(This is a guest post by Aaron J. Saunders of ValueHeadz. The author’s views are entirely his or her own and may not always reflect the views of Fat Pitch Financials.)
Net-net stocks are those which sell below liquidation value and are major bargains. Avoid being a victim of value traps by only investing in net-nets which:
- Generate revenue
- Experience NCAV Burn of less than 25% annually
- Aren’t based in China or if you are risk averse, aren’t Chinese
- Have sold at a price above the current NCAV in the past 5 years
- Are not issuing shares
- May experience an event in the near future if it is an asset-shell
For those of you who don’t know, you can get excellent returns investing in bad, bad businesses. Warren Buffett, who advocates investing in businesses with a competitive advantage which generate high returns on invested capital, once said that “my cigar-butt strategy worked very well while I was managing small sums. Indeed, the many dozens of free puffs I obtained in the 1950s made that decade by far the best of my life for both relative and absolute investment performance.”
His cigar-butt strategy involves the purchase of net-net stocks- businesses selling below their liquidation value as found using the following equation:
Net Current Asset Value = (Current Assets – (Total Liabilities + Preferred Stock))/Total Shares Outstanding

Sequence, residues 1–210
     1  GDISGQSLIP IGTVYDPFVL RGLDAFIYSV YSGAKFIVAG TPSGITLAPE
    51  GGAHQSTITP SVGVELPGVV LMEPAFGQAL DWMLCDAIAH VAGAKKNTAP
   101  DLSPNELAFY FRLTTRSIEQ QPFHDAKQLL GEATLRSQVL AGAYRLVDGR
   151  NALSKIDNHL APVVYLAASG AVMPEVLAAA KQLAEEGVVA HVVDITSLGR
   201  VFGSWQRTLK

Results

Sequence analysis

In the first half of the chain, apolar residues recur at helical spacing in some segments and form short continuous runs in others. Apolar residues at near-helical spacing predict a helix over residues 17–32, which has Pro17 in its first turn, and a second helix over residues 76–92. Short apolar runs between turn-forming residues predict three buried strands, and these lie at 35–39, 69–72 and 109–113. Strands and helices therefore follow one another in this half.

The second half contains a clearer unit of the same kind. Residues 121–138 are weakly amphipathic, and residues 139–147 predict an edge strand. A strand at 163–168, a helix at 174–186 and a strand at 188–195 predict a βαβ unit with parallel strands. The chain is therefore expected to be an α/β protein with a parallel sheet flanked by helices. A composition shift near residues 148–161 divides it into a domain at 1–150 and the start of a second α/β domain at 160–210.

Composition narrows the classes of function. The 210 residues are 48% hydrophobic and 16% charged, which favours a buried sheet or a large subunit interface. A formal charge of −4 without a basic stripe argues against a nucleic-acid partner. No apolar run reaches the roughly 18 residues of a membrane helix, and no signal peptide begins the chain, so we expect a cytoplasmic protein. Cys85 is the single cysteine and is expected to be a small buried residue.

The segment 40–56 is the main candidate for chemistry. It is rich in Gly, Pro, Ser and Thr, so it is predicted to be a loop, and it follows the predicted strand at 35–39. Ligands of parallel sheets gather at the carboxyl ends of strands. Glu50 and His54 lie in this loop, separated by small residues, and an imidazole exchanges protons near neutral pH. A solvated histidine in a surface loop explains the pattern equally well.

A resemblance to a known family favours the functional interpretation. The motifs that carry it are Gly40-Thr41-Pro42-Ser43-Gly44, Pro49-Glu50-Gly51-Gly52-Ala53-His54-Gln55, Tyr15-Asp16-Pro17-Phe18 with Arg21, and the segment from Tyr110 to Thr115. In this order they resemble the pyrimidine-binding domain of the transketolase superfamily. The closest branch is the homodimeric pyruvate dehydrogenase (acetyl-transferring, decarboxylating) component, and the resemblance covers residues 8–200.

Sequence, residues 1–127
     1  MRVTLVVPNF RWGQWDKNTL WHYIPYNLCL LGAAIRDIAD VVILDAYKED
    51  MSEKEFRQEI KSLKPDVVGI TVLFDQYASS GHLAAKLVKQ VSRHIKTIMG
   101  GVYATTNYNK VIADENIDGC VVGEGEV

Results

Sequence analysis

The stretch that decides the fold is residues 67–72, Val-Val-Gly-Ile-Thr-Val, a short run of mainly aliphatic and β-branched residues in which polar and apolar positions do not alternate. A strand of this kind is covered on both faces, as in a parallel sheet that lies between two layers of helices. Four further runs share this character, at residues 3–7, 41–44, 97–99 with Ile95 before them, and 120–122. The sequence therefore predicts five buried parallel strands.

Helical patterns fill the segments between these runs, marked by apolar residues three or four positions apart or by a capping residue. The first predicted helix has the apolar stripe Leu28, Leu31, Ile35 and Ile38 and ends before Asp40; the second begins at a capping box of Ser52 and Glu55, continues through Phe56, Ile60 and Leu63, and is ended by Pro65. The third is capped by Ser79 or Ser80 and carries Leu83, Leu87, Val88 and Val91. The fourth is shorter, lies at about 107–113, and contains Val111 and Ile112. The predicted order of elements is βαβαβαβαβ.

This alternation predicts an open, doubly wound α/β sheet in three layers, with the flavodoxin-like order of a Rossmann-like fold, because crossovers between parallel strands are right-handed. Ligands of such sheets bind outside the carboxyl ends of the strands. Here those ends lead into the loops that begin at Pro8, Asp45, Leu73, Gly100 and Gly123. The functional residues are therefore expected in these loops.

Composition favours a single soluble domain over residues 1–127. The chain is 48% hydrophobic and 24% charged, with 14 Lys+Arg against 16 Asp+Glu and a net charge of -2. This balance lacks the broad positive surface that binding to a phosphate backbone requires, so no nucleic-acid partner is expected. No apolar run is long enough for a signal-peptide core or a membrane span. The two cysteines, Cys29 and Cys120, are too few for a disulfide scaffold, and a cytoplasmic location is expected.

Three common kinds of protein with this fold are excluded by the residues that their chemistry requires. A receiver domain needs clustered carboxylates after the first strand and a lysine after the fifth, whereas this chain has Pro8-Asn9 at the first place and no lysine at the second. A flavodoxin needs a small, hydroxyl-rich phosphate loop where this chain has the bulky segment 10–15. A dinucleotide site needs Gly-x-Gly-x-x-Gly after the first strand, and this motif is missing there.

The Net Current Asset Value (NCAV) calculates the value of a firm’s cash, inventory, and receivables less all liabilities and preferred stock which is treated as debt. It is thus the firm’s lowest possible liquidation value, and a value below which no firm should ever be sold. Any stock selling at a price below 66% of its NCAV (Price < 0.66*NCAV) is called a net-net stock and is a major bargain. When you buy a net-net stock, you get $1 in net current assets and pay 0.66c or less for it. Some even sell for less than their net cash value, so you pay $1 and immediately own more than that in cash alone! As you can surmise, they are businesses struggling to such an extent that investors forget completely about the firm’s net asset value and are willing to sell them for an irrationally low price.
I would like to draw a quick analogy to help explain why such stocks should not exist. Imagine you run a lemonade stand which owns $7 of lemons, $3 of sugar, $5 in cash, and has sold lemonade on credit to which you are owed $7, so your current assets total $22. Your lemonade stand only has one liability which is that it owes the sugar factory $7. If you paid this liability you would have $15 worth of lemons, sugar, cash, and receivables, all of which you could quickly turn into cash. If someone offered to buy this lemonade stand for anything less than $15 the offer would sound ridiculous and be swiftly denied. This is because even if you assume that you couldn’t make another cent selling lemonade, you could end the business and leave with $15. For some reason, this logic does not transfer to the domain of public stock ownership, possibly because this aspect of asset ownership is not taken into account.
Every academic study on net-net stocks shows long-run annual returns in the range of 20-40% vs. the 10% historical return of the S&P 500, so the logic displayed above clearly translates to investment returns. See here for this evidence and to what extent net-nets dominate the market.
So far so good. I’m sure right now you are asking why these opportunities haven’t been taken advantage of and why they still exist, capital raising education is foremost important . There are a variety of reasons why net-nets exist, such as the fact that large and institutional investors cannot invest in net-nets as they are very small businesses, or that academic theory contradicts the existence of net-nets, or that investors can be emotional, etc.